Molecular and Cellular Biology of AgingOut of Stock
Our understanding of how and why biological organisms age has undergone a scientific revolution, spanning
two or more decades, that has changed the way we view aging and conduct basic aging research. Nonetheless,
a comprehensive overview of the basic molecular and cellular processes that underlie aging is currently
lacking. This book intends to fill this void by providing detailed overviews of aging processes at the cellular
and molecular levels across multiple organisms, from microbes to humans. We will explore how basic aging
processes relate to age-related disease, how aging and longevity are subject to both gene-gene and gene-environment
interactions, and how our greatly increased insight into these relationships can help us to design
rational strategies for intervention.
A key aspect of our approach to generating a comprehensive textbook on the cellular and molecular
biology of aging is to compare aging at these levels across multiple forms of life. It is now clear that the vast
majority of living organisms display some aspects of aging, many (but not all) of which appear to be conserved
throughout evolution. This perspective is integrated into each chapter and is specifically addressed in Part 2.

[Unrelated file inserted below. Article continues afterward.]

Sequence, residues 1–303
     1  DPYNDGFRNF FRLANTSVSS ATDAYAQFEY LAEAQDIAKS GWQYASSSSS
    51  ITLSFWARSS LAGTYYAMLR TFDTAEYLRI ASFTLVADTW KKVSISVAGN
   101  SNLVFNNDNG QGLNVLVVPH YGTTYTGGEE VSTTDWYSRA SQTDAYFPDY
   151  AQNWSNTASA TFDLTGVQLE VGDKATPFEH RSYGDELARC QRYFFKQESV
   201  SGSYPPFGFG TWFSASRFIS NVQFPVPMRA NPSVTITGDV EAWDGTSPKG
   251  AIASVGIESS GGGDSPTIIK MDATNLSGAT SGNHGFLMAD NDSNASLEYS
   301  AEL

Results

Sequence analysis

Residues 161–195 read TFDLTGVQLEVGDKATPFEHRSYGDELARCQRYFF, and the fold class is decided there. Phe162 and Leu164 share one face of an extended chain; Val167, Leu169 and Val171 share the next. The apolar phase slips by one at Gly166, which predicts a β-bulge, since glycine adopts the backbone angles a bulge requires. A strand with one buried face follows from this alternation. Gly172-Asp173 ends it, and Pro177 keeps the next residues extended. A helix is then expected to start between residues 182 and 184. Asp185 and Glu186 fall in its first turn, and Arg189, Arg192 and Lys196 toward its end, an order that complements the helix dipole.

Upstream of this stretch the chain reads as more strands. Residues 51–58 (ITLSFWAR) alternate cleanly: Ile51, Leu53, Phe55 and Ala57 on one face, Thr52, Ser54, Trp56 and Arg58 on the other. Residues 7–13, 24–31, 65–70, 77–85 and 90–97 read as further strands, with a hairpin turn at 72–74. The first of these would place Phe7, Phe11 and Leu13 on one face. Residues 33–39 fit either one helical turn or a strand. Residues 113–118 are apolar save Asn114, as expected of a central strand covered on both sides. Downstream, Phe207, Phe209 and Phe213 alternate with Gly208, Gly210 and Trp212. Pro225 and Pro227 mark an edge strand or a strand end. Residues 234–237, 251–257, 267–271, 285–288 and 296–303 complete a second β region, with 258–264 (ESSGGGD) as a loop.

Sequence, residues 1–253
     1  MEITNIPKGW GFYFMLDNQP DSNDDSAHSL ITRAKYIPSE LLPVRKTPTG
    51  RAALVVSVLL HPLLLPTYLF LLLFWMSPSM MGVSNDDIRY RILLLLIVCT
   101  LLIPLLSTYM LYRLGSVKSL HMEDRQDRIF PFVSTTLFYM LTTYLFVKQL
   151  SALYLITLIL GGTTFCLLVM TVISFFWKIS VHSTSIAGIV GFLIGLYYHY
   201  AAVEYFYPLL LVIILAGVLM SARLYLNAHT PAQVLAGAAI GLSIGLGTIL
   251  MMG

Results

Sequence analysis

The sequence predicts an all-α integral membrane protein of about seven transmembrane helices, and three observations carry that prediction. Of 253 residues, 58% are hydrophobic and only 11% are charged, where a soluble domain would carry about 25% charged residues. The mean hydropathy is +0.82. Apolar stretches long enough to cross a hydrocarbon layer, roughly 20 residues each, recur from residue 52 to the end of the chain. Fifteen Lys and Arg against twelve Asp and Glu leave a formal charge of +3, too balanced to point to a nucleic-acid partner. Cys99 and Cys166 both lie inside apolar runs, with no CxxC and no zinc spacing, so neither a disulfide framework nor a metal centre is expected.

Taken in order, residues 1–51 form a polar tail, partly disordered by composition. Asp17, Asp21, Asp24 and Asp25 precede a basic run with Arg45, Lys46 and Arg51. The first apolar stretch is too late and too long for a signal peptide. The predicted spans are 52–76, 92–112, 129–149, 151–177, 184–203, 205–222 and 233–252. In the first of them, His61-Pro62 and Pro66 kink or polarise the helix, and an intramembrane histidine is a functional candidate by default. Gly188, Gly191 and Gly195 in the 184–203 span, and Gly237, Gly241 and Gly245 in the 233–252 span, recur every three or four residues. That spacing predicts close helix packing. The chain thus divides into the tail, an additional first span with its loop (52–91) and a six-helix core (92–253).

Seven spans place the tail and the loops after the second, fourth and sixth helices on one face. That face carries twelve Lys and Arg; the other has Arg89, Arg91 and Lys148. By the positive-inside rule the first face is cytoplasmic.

Throughout the book, we emphasize comparative aspects of aging and, where possible, delineate those molecular
and cellular mechanisms that appear to be conserved from those that are unique to a particular species
or animal group. We refrain as much as possible from speculation, but discuss controversies and major gaps in
our knowledge. This is important in a young field of research where some inconsistencies are apparent in the
primary literature. Nonetheless, many chapters contain brief descriptions of popular theories of aging, and so
some speculation is unavoidable. We note that the demography of aging is not a major component, and, while
the book focuses on the aging-disease relationship, it is not a text on geriatric medicine or the physiology of
aging. Likewise, while there are important economic, ethical, and environmental considerations that arise when
reflecting on interventions into aging, a thorough discussion of these issues is beyond the scope of this book.
There are, of course, excellent books available in all these areas. They generally lack in-depth discussions of
cellular and molecular processes relevant to aging, which is the gap this textbook intends to fill.
Finally, while not neglecting necessary details, this book focuses on providing insights from basic principles
and common characteristics of aging across species. We firmly believe that deep insight and understanding
of solid principles are essential for ultimately developing interventions that might enable us to view aging as
we now view disease—that is, as a condition amenable to treatment.